Kamran Rasul, a Generous Expert
Disability Support Services’ Kamran Rasul has been taking his expertise off campus.
The adaptive technology specialist has over ten years of experience helping people with disabilities access technology and improve both their lives and educations. An AU staff member since 2007, Rasul first started on his career path in his hometown of Toronto, Canada – it was a moment that would change his life and the lives of the many people he would go on to help in the future.
“I discovered you can marry technology with helping people with disabilities through adaptive or assistive technology – using specialized equipment that can help a disabled person access technology,” he says.
Having found his passion in assistive technology, Rasul decided to encourage a new generation of students to consider a career of helping people with disabilities. A volunteer with Maryland’s Montgomery County Library System, he recently visited a handful of local middle and high school Career Days to break some perceived stereotypes and open eyes to an important field that includes jobs in biomedical engineering, occupational therapy, and computer science.
“Oftentimes teachers are under the assumption that when you work with someone with disabilities, there’s always a negative – that there’s always going to be some negative work, never positive work,” he says. “When I add the technology component, the kids think, ‘Oh, I could be an engineer making robotic arms.’”
He spoke to dozens of students at each school and will present to others in June, showing them items like screen readers and voice recognition software, which help people with disabilities better pursue academics. Rasul, who has a master’s degree in education, is more than happy to share his knowledge and experience with students. His personal experience is one major reason he works in the field of assistive technology.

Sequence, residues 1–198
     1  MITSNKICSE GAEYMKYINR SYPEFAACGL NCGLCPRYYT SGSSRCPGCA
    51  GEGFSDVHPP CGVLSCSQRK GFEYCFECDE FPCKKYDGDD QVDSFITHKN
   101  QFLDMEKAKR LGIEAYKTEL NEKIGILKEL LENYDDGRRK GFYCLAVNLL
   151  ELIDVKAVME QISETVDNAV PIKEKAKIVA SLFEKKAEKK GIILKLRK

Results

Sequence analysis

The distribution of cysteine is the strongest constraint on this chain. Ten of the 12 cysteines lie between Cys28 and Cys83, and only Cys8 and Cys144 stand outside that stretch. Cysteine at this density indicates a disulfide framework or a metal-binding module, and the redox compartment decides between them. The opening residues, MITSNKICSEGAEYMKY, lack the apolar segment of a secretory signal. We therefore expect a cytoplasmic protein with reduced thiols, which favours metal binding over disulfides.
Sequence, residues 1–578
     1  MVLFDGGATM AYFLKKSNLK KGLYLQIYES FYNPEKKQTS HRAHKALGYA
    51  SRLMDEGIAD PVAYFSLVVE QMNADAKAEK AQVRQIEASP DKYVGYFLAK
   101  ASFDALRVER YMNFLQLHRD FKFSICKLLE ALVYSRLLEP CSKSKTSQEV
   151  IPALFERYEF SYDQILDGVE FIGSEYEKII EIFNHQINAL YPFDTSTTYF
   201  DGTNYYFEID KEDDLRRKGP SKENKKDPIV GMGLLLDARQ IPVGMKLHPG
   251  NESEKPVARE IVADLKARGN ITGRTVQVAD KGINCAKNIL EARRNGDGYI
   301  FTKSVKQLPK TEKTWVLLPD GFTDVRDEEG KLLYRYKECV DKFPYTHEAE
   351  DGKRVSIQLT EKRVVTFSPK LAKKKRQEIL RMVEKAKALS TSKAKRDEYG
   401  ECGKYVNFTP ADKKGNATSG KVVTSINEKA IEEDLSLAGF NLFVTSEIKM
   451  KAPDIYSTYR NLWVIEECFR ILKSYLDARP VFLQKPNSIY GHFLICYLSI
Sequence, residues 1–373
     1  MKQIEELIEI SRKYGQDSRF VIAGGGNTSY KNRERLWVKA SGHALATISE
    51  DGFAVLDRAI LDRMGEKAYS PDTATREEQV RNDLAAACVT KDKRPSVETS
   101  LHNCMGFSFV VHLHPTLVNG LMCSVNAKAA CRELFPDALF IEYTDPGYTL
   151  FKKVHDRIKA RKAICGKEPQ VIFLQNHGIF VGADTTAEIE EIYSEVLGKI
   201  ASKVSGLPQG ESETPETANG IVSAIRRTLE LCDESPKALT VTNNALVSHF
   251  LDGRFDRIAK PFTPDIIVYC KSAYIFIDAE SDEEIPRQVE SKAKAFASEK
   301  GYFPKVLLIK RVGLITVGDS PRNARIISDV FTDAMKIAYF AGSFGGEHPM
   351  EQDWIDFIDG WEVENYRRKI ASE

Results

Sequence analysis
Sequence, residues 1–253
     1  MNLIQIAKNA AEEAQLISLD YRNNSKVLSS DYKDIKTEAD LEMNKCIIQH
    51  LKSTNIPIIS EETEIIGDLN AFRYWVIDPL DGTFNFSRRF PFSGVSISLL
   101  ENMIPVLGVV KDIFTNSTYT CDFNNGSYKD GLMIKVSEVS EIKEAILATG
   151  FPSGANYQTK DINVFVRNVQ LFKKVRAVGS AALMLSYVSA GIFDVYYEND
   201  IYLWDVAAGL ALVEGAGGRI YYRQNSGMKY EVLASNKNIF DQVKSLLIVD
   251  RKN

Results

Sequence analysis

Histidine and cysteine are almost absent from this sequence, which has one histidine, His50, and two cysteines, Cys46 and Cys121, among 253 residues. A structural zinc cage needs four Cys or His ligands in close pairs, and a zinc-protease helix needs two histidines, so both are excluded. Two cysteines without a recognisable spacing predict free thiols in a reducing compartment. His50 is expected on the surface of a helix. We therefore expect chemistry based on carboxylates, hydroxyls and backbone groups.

“Some of the students actually had disabilities themselves. It was nice to know I could talk about my disability with them. They were very open about that. So I told them that I’m a person with a disability,” he shares. “I wear hearing aids. That’s why I like helping people with disabilities, because they have some of the same set of issues I’m dealing with.”
It’s not just out in Montgomery County that Rasul connects with students with disabilities, however. Working with the Academic Support Center, Disability Support Services, and the University Library, he regularly improves the academic lives of scores of AU students.
“It’s fulfilling just knowing that I’m able to help students learn something about adaptive technology that they didn’t know,” he says. “I know that students who walk out of my office will take advantage of the technology, and it’s going to help them make their education a lot easier and their learning more effective.”
While he plans to keep reaching out to students in the DC area, his efforts at AU will certainly continue to allow students with disabilities to thrive on campus. It’s his favorite part of the expertise he has gained from years of experience, he says, always appreciating “any way I feel I’ve made a difference in their lives, in making sure that they can be successful at AU using the adaptive technology.”